Letter From an Istanbul Kitchen Part Eight: Haci Abdullah. Ottoman Steamline Cuisine

Contrasts abound at Haci Abdullah the venerable [ 1888 ] Beyoglu cafeteria. Yes, it’s billed as Ottoman palace cuisine and yes its kitchen shows a careful hand with the classics.

A shank of lamb braised with tomatoes, okra and potatoes is meaty and tender. The okra has been cooked “down” but is still recognizable, the potatoes providing a nice mass of starch to soak up the rich, musky gravy.

A casserole of bechamel encased lamb is heady with fat, the flesh stringy but good. To be fair I could encase my wallet in bechamel and simmer it down for a bit and it would probably eat pretty well. Bechamel has a tendency to do that. I’d be hard pressed to think of a dish that a liberal dousing of bechamel could not improve.

A baked eggplant dish, essentially lamb entombed in eggplant shows more of the kitchens hand when it comes to the long, slow cooking which is clearly Haci Abdullah’s forte.

I do find the manner in which you order a bit odd though. We’re seated for but a moment before being beckoned to a steam table running along one side of the dining room. Like many cafeterias in the Deep South part of USA you then point at the items that interest you and a worker scoops them onto a plate. I find the word “az” to come in handy in these situations in Istanbul as you can then get small portions of lots of different items.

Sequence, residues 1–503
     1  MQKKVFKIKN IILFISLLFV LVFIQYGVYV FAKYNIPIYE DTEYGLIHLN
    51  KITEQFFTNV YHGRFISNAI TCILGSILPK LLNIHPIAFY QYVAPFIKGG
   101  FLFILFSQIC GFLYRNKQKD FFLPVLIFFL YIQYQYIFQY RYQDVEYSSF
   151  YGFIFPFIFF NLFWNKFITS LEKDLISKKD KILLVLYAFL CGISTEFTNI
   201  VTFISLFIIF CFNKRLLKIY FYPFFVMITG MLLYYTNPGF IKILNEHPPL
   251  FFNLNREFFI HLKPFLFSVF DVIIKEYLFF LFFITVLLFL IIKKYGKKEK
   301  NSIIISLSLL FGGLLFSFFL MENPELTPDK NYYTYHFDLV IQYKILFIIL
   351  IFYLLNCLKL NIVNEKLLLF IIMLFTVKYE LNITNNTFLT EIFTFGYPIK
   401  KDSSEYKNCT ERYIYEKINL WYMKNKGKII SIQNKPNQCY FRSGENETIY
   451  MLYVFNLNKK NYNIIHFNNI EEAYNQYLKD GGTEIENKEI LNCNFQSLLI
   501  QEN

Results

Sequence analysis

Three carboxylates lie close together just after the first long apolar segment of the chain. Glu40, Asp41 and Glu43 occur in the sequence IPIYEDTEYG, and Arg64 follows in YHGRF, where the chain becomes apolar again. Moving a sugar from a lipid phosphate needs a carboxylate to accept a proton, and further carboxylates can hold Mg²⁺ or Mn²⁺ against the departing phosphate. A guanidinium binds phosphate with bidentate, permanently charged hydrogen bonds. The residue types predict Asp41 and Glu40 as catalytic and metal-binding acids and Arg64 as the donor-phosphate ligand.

Out here in Austin Texas one local meat and 3 offers an off menu “9 vegetable orgy” wherein they put small portions of 9 different veggies on your plate.

I’m not sure how to ask for a 9 vegetable orgy in Turkish so I wisely keep my mouth shut.

Walking through a cafeteria line stands at odds with the faded elegance of the dining room which speaks of fine dining with liveried man servants at your beck and call and liberal applications of gold brocade applied everywhere.

Service is fine. After settling in with your food from the cafeteria line a gentleman waiter will rush to the table if you so much as raise an eyebrow in his direction. A request to tour some closed off parts of the restaurant is met with vigorous hospitality. Most importantly the food at Haci Abdullah is quite good.

I have to admit that I’m a mark for old restaurants. I seek them out wherever I travel. Perhaps it’s the smell or the dust in the corners or the echoes of laughter from decades past that seems to get caught in the nooks and crannies of joints with a past that appeals to me.

Either way I find Haci Abdullah to be an appealing combination of good Turkish soul food, old world manners and a time worn ambience that fits as comfortably as the London Fog mackinaw handed down from your father.


Sakizagaci Cad. 17


About RL Reeves Jr

I'm a writer living and working in New Orleans, Louisiana.
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